It is this theme - the rigors and virtues of classical drama - that Quayle will return to again and again during his lunch and later in a discussion on stage for students and faculty in Dartmouth's Hopkins Center.
''Where does acting come from? What is this skill that we admire, that we pretend to be other people?'' Quayle muses openly. ''It has rather religious origins, the spectacle of sacrifice,'' he determines quickly. ''But where are we today? We have the sacred origins mixed up with a sort of profane showbiz. And it's that show biz that is strangling the other.''
Quayle admits that inflated production costs are largely at fault, but the trend is such that today ''only Broadway and the commercial theaters in England can take care of themselves.''
Quayle is not hesitant to call for a national theater in the United States, an American counterpart to the Royal Shakespeare. ''No one would eat better, there would be no more jobs, but it should be a matter of national pride. If you're trying to preserve a literary heritage, if you're trying to keep the language of Shakespeare and Sophocles and Euripides alive, you've got to support the actors who can act it.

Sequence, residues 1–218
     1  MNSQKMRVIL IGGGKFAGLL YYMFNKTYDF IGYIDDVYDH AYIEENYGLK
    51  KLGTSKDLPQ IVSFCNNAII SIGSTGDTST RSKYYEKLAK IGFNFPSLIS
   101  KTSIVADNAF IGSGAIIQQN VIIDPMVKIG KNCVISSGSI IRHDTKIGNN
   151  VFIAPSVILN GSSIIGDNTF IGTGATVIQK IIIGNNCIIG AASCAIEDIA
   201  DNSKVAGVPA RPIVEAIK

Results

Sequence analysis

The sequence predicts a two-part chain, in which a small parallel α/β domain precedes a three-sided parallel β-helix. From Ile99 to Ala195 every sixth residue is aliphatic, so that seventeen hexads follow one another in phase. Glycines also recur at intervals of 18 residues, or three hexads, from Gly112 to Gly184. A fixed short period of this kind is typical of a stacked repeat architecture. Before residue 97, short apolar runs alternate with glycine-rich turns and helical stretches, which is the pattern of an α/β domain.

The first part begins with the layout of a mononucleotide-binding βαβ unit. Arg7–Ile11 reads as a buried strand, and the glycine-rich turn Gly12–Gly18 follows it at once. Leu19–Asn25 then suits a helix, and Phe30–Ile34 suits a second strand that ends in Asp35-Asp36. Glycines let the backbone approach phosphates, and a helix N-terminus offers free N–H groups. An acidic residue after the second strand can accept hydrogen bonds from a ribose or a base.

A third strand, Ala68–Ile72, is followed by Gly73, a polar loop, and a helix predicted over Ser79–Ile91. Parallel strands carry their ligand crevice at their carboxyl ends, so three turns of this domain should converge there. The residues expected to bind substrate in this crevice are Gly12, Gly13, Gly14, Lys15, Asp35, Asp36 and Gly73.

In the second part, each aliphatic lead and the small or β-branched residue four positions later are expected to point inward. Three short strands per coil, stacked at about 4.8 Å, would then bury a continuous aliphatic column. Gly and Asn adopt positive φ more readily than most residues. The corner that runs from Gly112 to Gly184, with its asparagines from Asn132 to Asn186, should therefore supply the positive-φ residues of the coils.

''It sounds so boring to keep saying 'classical theater,' but with the advent of the movie industry, all the great (theatrical) rewards went to California. When I first appeared in New York in 1936, it was fashionable to play Broadway, but after the war, this evaporated. There was a dwindling of that narrow path that we in England still consider the most prestigious - that of the classical actor. It's pretty narrow and flinty and not a lot of money in it, but it's still our goal and target.
''Over here, if you're a young actor, there ain't no path, or hardly any. So you hope you get into 'Dallas' or 'Dynasty' and say to yourself, 'When I get famous, maybe then I'll have some influence.' But it doesn't work out that way, because usually by then you've woven such a barbed-wire dollar cocoon that you can't get out.''
In actors and directors such as Meryl Streep, Joseph Papp, and Al Pacino, Quayle finds indications of a small renaissance for serious American theater.
''Americans want to be entertained,'' he says. ''It's the same thing in England, but we wish to be entertained a little more thoughtfully.'' Nevertheless, Quayle says that ''an old puritanical streak exists in both countries that says that the theater is heretical or frivolous or should look after itself. But it can't now, and a nation needs a national theater as much as it needs a national art museum. My golly, it should.''